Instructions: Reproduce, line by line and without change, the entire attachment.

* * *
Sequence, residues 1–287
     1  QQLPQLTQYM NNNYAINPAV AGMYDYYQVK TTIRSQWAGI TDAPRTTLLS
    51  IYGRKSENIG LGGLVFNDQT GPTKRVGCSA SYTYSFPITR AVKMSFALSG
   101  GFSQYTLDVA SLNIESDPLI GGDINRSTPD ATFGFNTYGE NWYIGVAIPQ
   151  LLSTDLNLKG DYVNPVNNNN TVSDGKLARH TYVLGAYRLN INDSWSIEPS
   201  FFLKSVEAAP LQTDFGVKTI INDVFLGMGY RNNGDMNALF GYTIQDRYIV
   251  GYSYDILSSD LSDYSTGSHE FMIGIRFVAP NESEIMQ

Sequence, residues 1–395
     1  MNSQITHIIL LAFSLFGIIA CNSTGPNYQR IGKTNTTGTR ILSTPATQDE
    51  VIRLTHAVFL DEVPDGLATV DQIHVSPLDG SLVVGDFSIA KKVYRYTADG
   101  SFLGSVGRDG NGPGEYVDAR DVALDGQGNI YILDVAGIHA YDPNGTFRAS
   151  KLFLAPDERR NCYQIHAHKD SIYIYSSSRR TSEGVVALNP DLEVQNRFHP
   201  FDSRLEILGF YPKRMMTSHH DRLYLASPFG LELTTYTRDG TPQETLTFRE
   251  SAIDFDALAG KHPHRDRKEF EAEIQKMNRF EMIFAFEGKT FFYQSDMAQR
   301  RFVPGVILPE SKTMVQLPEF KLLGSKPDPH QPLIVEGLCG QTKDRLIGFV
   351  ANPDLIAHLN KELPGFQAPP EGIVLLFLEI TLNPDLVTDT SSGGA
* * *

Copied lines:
Sequence, residues 1–287
     1  QQLPQLTQYM NNNYAINPAV AGMYDYYQVK TTIRSQWAGI TDAPRTTLLS
    51  IYGRKSENIG LGGLVFNDQT GPTKRVGCSA SYTYSFPITR AVKMSFALSG
   101  GFSQYTLDVA SLNIESDPLI GGDINRSTPD ATFGFNTYGE NWYIGVAIPQ
   151  LLSTDLNLKG DYVNPVNNNN TVSDGKLARH TYVLGAYRLN INDSWSIEPS
   201  FFLKSVEAAP LQTDFGVKTI INDVFLGMGY RNNGDMNALF GYTIQDRYIV
   251  GYSYDILSSD LSDYSTGSHE FMIGIRFVAP NESEIMQ

Sequence, residues 1–395
     1  MNSQITHIIL LAFSLFGIIA CNSTGPNYQR IGKTNTTGTR ILSTPATQDE
    51  VIRLTHAVFL DEVPDGLATV DQIHVSPLDG SLVVGDFSIA KKVYRYTADG
   101  SFLGSVGRDG NGPGEYVDAR DVALDGQGNI YILDVAGIHA YDPNGTFRAS
   151  KLFLAPDERR NCYQIHAHKD SIYIYSSSRR TSEGVVALNP DLEVQNRFHP
   201  FDSRLEILGF YPKRMMTSHH DRLYLASPFG LELTTYTRDG TPQETLTFRE
   251  SAIDFDALAG KHPHRDRKEF EAEIQKMNRF EMIFAFEGKT FFYQSDMAQR
   301  RFVPGVILPE SKTMVQLPEF KLLGSKPDPH QPLIVEGLCG QTKDRLIGFV
   351  ANPDLIAHLN KELPGFQAPP EGIVLLFLEI TLNPDLVTDT SSGGA